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John A. Brownridge Ed.D.








Cultural Learning and Socialization
John Brownridge Ed.D.

Cultural learning is an important aspect of total education because it is through the influences and control mechanisms of human society that individuals form ideas and values and learn how to deal with them. Educators today are often concerned with the learning styles of individual students. It is important to recognize that culture and socialization have a great influence on how these styles are formed and developed.

Not only is new information learned and passed on through cultural traditions, but rules and recipes concerning behavioral expectations are also established in this context, and the interpretation of symbolic meanings in society is learned. The process by which children learn through the culture of their parents, their extended families and society at large is called enculturation.

Human societies, like those of the animal kingdoms, are controlled and protected by certain norms and values, and individual members of society must find their role by fulfilling the needs and functions of the whole group. In order to be accepted, they must learn the boundaries of behavior within their cultural framework and develop a lifestyle that is seen to be useful and productive. Certain aspects of cultural development may be learned consciously through a formal education system, but by far the greatest part is learned through gradual assimilation of values within the context of the family and local community.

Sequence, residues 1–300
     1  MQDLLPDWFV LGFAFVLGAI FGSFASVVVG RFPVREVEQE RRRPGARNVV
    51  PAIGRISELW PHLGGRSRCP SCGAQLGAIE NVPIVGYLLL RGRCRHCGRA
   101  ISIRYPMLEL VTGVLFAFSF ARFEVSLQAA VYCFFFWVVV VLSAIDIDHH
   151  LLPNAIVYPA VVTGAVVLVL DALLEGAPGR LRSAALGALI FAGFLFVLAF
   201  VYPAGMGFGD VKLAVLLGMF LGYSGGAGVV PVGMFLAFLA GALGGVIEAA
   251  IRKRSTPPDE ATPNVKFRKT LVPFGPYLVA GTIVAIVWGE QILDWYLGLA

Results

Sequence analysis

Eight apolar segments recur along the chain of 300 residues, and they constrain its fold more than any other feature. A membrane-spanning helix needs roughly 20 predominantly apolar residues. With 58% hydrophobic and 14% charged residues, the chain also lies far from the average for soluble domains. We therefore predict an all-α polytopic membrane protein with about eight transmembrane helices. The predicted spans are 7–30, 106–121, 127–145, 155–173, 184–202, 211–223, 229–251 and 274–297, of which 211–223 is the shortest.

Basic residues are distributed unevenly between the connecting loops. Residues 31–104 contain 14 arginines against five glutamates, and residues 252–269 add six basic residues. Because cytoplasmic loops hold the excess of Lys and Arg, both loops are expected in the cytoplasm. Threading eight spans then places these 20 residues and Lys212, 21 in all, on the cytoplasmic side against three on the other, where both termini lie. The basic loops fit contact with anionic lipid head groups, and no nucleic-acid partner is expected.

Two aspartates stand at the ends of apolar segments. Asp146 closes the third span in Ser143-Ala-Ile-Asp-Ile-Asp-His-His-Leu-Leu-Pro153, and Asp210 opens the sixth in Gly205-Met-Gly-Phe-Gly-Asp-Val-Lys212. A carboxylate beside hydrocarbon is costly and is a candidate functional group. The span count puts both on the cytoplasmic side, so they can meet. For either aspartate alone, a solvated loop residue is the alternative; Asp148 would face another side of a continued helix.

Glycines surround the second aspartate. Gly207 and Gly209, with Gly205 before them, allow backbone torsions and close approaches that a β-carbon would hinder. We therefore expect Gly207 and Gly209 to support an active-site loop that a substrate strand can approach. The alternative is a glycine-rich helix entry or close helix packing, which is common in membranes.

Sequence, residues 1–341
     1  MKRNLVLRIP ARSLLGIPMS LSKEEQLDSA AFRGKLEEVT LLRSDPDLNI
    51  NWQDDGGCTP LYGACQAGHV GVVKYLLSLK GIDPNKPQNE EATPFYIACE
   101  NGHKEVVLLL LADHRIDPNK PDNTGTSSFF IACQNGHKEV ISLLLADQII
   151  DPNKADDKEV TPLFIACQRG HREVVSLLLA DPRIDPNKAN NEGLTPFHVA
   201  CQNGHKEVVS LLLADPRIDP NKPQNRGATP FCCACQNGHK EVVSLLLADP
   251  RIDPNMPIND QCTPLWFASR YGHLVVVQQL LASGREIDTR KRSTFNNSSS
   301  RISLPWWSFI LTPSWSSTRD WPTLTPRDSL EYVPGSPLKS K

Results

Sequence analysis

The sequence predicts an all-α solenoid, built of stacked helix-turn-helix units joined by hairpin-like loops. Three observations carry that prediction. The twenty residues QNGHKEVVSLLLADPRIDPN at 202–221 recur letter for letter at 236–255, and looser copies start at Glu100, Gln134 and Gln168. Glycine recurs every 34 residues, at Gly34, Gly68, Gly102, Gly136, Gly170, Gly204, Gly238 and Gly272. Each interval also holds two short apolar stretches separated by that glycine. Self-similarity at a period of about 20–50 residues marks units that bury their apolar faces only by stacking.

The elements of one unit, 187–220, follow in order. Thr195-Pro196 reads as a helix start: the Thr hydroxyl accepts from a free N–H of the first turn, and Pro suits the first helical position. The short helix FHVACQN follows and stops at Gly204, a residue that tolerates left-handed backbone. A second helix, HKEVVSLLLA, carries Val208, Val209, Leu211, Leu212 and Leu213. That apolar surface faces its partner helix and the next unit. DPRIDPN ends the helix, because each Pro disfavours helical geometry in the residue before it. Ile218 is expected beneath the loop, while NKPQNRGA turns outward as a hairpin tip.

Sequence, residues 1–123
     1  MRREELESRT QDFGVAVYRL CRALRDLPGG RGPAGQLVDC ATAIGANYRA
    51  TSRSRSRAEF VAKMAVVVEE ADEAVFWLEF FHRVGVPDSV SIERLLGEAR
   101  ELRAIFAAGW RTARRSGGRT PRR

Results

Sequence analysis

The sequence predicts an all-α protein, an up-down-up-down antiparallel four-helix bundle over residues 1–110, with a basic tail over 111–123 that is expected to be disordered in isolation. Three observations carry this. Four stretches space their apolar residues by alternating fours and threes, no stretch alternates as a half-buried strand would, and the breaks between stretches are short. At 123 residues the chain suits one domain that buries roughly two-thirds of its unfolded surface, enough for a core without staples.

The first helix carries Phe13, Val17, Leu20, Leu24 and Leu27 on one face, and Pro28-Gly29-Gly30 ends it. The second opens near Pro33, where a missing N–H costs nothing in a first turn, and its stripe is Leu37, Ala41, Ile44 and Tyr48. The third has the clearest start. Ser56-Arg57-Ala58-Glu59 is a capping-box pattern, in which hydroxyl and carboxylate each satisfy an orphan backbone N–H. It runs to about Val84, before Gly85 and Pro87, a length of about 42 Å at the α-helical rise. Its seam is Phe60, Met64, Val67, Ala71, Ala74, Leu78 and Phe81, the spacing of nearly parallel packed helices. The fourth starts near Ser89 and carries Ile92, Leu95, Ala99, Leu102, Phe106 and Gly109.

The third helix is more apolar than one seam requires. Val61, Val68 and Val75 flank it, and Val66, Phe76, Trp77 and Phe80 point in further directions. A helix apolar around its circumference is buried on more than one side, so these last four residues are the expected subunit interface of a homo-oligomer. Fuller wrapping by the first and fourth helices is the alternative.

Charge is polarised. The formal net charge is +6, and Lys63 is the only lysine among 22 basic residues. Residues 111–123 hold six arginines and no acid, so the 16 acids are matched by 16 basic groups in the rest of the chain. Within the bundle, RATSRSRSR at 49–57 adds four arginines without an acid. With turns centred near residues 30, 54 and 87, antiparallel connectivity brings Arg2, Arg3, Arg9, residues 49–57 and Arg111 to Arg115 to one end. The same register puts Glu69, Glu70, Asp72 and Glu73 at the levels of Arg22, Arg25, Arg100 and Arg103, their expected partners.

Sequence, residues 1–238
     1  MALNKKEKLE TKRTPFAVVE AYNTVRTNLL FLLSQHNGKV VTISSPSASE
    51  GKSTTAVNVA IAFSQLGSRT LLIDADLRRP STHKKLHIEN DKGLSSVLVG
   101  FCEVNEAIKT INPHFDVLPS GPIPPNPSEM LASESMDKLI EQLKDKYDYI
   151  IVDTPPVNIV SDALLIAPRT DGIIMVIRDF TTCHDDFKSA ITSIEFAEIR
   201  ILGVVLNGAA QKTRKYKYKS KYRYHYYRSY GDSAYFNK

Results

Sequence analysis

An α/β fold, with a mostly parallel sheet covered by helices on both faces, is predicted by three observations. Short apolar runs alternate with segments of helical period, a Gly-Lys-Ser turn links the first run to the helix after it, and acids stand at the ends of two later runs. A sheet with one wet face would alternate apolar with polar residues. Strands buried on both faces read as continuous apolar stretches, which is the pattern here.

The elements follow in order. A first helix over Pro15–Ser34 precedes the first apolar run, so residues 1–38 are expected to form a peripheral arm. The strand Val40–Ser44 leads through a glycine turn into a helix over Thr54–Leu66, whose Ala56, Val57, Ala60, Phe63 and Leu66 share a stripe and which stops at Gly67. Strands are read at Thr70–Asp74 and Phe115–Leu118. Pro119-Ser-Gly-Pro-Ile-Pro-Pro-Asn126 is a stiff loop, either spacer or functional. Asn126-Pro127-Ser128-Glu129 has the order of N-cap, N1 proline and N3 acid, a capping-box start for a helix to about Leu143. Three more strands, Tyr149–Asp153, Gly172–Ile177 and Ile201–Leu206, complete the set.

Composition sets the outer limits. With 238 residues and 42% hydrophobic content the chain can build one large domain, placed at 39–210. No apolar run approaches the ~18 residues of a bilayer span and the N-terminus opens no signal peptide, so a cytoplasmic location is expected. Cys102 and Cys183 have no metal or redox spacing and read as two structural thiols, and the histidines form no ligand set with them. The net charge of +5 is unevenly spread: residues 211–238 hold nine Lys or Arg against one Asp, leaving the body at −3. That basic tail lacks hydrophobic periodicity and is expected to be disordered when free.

Direct teaching of many cultural norms usually takes place during childhood as parents train their children in what is and is not acceptable behavior. Habits of politeness, courtesy and respect, for example, are taught in this way. Where infractions of these basic values occur, children tend to be corrected, not only by family members but also in daily contact with other adults and children outside of the home. In a school situation, the societal norms concerning behavior are reflected in the rules and regulations of the institution, and the consequences of neglecting behavioral requirements encourage cooperation.

Many aspects of enculturation are acquired by copying the behavior and habits of others. This is very obvious in certain animal societies, like that of wolves or monkeys, but humans are also intrinsically disposed to emulate and imitate the behavior they observe in the world around them. Individuals generally do not want to be different and isolated from their peers, especially during the rapid growth and learning periods of their lives. Both young children and adolescents go to great lengths to imitate the dress, language and habits of those around them, and this is a prominent and necessary part of the enculturation process. Many of the cultural and societal values adopted during adolescence are acquired subconsciously as young people interact and socialize with each other

Although enculturation starts at birth and is most intense during childhood and adolescence, it should be viewed as a life-long progression. It is a necessary process as it is the way that societies become unified and homogeneous. Even though many cultural practices change and evolve, core beliefs tend to remain the same, giving unique status and identification to societies in different parts of the world. Cultural learning and socialization ensure that distinct cultures and societies survive and prosper, even within the social context of a single country.